- The great supercontinent was still under strain, however. Between about 170 million and 180 million years ago, Gondwana began its own split, with Africa and South America breaking apart from the other half of Gondwana. About 140 million years ago, South America and Africa split, opening up the South Atlantic Ocean between them. Meanwhile, on the eastern half of the once-supercontinent, Madagascar made a break from India and both moved away from Australia and Antarctica.
- Australia and Antarctica clung together longer; in fact, Antarctica and Australia didn’t make their final split until about 45 million years ago. At that point, Antarctica started to freeze over as Earth’s climate cooled, while Australia drifted northward. (Today, the Australian continent still moves north at a rate of about 1.2 inches (3 centimeters) a year.
MOVEMENT OF INDIA:
- India was the part of the supercontinent called Gondwanaland some 140 million years ago.
- When this supercontinent split up, a tectonic plate composed of India and modern Madagascar started to drift away.
- Then, India split from Madagascar and drifted north-eastward with a velocity of about 20 cm/year.
- India collided with Eurasia, a process that began 50 million years ago and continues to this day. This collision formed the Himalayas.
- Nowadays, India is still moving in the same direction but with a lower velocity of about 4 cm/year, due to the resistance of the Eurasian plate.
CONTINENTAL DRIFT THEORY:
- This theory was proposed by famous German geographer, Professor Alfred Wagner in 1924.
- According to this theory, before 200 million years ago, there was a single land mass surrounded by water which was named as Pangaea.
- About 200 million years ago, Pangaea got cracked into two parts i.e. (a) Eurasia and (b) Gondwanaland, and ocean water (Panthalassa) filled in it. As a result a narrow sea was created, known as Tethys’s sea.
- During further course of time, Eurasia was cracked into:
- North American plate
- Eurasian plate
Whereas Gondwanaland was cracked into 5 plates:
- African Plate
- South American Plate
- Indian Plate
- Australian Plate
- Antarctica Plate
After that, about 400 million years ago, Indian plate started drifting towards North East direction where it collided with Eurasian plate and as a result of collision, folding occurs over Tethys’s sea which resulted into upliftment of Himalayas and the process of upliftment is still going on.
EVIDENCE IN SUPPORT OF THE CONTINENTAL DRIFT
- Matching of continents (jig-saw-fit):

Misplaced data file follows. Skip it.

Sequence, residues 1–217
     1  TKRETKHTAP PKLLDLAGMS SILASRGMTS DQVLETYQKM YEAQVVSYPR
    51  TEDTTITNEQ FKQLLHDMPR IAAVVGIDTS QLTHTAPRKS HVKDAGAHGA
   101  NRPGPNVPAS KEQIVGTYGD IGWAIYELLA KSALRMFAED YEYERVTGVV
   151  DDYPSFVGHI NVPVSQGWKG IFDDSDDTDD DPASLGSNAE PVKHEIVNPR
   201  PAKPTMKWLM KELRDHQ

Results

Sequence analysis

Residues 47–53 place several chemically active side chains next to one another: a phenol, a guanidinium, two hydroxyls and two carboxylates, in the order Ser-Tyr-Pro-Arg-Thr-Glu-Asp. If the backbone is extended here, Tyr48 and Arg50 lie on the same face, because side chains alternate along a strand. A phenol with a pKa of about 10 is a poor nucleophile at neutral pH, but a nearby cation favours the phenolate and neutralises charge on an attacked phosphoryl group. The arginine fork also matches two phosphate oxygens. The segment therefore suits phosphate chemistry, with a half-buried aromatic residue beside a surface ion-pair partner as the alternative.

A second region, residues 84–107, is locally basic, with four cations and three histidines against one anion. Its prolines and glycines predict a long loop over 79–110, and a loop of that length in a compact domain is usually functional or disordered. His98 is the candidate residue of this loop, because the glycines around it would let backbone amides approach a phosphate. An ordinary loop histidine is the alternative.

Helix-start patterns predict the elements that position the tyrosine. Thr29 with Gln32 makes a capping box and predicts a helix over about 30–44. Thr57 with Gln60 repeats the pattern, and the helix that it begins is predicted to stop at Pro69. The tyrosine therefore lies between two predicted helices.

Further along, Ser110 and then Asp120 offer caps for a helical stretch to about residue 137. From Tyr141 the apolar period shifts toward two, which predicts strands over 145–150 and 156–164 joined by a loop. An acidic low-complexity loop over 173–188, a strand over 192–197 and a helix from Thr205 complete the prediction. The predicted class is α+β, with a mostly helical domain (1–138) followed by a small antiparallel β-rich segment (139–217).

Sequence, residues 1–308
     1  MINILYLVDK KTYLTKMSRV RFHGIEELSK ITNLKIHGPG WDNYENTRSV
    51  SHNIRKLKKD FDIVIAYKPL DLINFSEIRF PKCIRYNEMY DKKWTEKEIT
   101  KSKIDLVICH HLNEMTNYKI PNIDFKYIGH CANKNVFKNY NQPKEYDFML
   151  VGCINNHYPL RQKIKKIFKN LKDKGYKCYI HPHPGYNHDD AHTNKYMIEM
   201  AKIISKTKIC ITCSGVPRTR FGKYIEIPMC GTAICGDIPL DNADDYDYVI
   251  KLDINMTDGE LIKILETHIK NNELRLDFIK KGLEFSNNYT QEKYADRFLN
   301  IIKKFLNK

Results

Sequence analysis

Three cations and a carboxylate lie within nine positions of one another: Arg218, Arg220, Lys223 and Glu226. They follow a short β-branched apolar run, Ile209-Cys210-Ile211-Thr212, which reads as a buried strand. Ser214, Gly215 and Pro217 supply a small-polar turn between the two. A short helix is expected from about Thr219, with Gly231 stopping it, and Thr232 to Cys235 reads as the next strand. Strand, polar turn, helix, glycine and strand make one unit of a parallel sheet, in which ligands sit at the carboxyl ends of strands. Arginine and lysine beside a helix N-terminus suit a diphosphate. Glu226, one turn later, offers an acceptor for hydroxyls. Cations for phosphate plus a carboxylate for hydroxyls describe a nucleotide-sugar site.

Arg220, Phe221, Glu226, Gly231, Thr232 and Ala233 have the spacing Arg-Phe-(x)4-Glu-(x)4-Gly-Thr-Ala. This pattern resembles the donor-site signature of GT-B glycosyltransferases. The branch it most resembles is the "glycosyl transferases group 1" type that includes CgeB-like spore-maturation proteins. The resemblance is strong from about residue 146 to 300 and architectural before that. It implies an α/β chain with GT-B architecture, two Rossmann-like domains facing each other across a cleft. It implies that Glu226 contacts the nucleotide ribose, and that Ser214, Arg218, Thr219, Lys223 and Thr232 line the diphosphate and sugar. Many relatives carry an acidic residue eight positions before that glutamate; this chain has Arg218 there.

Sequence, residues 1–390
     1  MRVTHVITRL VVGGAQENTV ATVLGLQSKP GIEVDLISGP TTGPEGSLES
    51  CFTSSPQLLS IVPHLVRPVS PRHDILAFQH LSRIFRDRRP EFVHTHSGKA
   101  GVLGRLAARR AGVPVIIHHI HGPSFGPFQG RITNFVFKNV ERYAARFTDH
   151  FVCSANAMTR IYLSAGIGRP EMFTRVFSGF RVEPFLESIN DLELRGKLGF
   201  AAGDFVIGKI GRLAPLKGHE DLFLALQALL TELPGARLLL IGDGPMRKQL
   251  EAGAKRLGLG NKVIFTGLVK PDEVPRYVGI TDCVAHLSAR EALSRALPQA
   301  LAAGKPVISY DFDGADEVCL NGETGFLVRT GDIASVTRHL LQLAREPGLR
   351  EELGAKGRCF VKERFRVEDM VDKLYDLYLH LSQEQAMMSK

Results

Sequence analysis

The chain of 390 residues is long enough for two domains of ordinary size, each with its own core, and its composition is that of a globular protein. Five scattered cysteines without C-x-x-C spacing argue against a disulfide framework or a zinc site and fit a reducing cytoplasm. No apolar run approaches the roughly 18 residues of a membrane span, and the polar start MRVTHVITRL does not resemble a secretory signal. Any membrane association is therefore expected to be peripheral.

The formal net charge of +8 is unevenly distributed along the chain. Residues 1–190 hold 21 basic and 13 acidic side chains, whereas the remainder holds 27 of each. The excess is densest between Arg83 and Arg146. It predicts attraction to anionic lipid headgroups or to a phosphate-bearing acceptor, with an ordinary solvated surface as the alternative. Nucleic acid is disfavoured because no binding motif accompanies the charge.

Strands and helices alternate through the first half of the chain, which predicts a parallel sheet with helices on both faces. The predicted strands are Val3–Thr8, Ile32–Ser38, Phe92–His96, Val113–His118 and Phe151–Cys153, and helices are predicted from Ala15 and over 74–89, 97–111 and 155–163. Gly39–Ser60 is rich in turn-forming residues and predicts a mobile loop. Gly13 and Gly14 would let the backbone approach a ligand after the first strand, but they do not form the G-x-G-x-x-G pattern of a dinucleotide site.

The shorelines of Africa and south America facing each other have a remarkable and unmistakable match.
- Rocks of same age across the oceans:
The belt of ancient rocks of 2000 million years from brazil coast matches with those of western Africa. The earliest marine deposits along the coastline of South America and Africa are of the Jurassic age. This suggests that the ocean did not exist prior to that time.
It is the sedimentary rock formed out of deposit of glaciers. The Gondawana system of sediments from India is known to have its counter parts in six different landmasses of the Southern Hemisphere. At the base the system has thick tillite indicating extensive and prolonged glaciation. Counter parts of this are found in Africa, Falkland Island, Madagascar, Antarctica and Australia besides India. Overall resemblance of the Gondawana type sediments clearly demonstrates that these landmasses had remarkably similar histories.
- Placer deposit:
A placer is any waterborne deposit of sand or gravel that contains concentrated grains of valuable minerals.
The occurrence of rich placer deposits of gold in the Ghana coast and the absolute absence of source rock in the region is an amazing fact. The gold bearing veins are in Brazil and it is obvious that the gold deposits of Ghana are derived from Brazil plateau when the two continents lay side by side.
- Distribution of fossils:
The observations that Lemurs occur in India, Madagascar and Africa led some to consider a contiguous landmass “Lemuria” linking these three landmasses.
Mesosaurus was a small reptile adapted to shallow brackish water. The skeletons of these are found only in South Africa and Brazil. The two localities presently are 4,800 km apart with an ocean in between them.
- Super continent – Pangaea
- Ocean – Panthalassa
- Continent – SIAL rocks
- Ocean – SIMA rocks
- Mid- Mesozoic Pangaea broke up and drifted apart
LIMITATION OF CONTINENTAL DRIFT THEORY:
- Wegener failed to explain why the drift began only in Mesozoic era and not before.
- The theory doesn’t consider oceans.
- Proofs heavily depend on assumptions that are generalistic.
- Forces like buoyancy, tidal currents and gravity are too weak to be able to move continents.
- Gravitational pull of sun and moon.
- Idea of SIAL and SIMA.
- Modern theories (Plate Tectonics) accept the existence of Pangaea and related landmasses but give a very different explanation to the causes of drift.